Unlike the embodiment depicted in FIGS. 1A and 1B, in the second embodiment depicted in FIGS. 2A and 2B, the optical guide is the light guiding medium 250. Instead of optical fibers in FIGS. 1A and 1B, the IC die 230 is disposed on top of the primary electricity-to-light converter 240, whereas in FIGS. 1A and 1B, the converter 140 is disposed on top of the IC die 130.
Generally, different bondpads 135 of the integrated circuit die 130 will either generate or receive electrical signals. An outgoing signal is one that is generated by the integrated circuit die 130 and sent outward via selected bondpads 135. This signal reaches the converter 140, 240, which converts the electrical signals into optical signals, which are then transmitted through the optical waveguides either directly to the outside, or the converter 170, 270, which converts the optical signals into electrical signals and are conducted outward through the conductors 180, 280. For the integrated circuit die to operate, incoming signals, power and ground are also required. The incoming signals, which could include timing signals, data from various processors, and data from various memory units, follow the reverse path described above, while the power and ground directly reach the integrated circuit die 130 through the path 180-171-161-151. Due to the existence and conversion of both electrical and optical signals within the package, the package is referred herein as an electro-optic package or an EO package.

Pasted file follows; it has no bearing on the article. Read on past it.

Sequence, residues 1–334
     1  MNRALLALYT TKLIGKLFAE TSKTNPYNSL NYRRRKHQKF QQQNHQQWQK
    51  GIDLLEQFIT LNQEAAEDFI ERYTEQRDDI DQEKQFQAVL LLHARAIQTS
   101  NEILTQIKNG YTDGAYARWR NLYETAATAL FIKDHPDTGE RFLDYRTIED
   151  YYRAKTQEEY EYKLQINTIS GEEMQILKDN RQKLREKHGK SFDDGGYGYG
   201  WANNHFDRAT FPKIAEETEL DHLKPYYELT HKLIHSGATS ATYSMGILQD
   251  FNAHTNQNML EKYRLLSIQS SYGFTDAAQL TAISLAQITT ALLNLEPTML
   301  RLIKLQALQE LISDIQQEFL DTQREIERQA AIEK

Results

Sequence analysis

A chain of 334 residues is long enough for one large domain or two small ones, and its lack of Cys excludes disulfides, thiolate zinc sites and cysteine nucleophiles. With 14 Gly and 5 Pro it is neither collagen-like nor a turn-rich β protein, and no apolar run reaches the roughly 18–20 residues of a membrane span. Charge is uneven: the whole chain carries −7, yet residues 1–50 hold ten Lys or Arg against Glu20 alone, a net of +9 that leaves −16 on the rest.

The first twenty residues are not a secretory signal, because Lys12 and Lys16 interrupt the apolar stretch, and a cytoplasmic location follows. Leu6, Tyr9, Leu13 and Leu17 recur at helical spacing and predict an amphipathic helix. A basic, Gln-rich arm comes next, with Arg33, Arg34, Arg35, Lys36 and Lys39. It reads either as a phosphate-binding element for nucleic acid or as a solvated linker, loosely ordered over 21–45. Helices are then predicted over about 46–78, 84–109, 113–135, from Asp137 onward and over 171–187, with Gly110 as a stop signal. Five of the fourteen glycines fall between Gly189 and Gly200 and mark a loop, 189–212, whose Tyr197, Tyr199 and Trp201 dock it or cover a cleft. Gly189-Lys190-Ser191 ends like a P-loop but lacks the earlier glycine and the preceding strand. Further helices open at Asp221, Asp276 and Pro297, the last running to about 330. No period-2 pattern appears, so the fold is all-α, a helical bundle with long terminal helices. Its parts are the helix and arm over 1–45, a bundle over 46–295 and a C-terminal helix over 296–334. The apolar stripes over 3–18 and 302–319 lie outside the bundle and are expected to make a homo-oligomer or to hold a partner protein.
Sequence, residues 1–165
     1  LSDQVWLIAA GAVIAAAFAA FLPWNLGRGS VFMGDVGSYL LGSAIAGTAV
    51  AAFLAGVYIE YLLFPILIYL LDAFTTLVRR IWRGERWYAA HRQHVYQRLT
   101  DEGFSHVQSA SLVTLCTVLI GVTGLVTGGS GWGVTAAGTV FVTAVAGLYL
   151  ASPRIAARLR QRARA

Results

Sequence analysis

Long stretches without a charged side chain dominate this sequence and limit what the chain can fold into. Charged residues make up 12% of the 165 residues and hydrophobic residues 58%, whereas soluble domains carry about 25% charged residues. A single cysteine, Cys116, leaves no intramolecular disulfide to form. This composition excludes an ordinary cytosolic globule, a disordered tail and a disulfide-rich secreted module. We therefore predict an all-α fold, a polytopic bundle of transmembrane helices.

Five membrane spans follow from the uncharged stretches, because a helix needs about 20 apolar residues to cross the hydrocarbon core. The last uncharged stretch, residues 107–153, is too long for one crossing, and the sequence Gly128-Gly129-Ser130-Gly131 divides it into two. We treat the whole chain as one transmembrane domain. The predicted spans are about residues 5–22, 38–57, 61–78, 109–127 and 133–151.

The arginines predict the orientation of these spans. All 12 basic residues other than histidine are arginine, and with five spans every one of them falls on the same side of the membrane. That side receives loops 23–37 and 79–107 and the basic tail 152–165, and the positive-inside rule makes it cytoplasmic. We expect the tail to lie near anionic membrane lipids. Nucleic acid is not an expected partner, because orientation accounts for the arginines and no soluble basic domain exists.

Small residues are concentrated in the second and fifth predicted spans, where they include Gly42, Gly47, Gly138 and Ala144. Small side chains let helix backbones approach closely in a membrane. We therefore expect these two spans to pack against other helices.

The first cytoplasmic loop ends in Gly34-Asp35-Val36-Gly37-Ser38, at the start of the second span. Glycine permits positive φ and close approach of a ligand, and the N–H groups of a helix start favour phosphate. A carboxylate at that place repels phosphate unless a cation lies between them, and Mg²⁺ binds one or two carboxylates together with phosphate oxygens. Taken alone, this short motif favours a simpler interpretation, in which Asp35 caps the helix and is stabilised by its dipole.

As some of the signals must enter the EO package while others must exit, converters 170, 270 at certain locations convert optical signals into electrical signals (light-to-electricity converter), while converters at other locations convert electrical signals into optical signals (electricity-to-light converter). As most converters can only efficiently operate in only one direction, this poses a manufacturing issue, since the assembler must selectively distinguish among the light-to-electricity converters and the electricity-to-light converters and place them appropriately among what could be as many as 400 I/O sites. In the absence of high efficiency, reversible converters, the present invention preferably uses wafer fabrication techniques to produce both the light-to-electricity and electricity-to-light converters, next to each other, so that the resulting dual-converter could be indiscriminately used as converters 170, 270.
As some of the signals must exit the EO package, they could exit either as optical signals or as electrical signals, depending on the compatibility requirement of EO package. For example, in case in which the EO package is to be mounted onto a standard PCB board and to interact with other electronic packages such as Dual-In-Line (DIP), Quad-Flat-Pack (QFP) and Ball-Grid-Array (BGA), the signal can be appropriately converted by converter 170, 270 so that the input and the output of the EO package remains as electrical signals.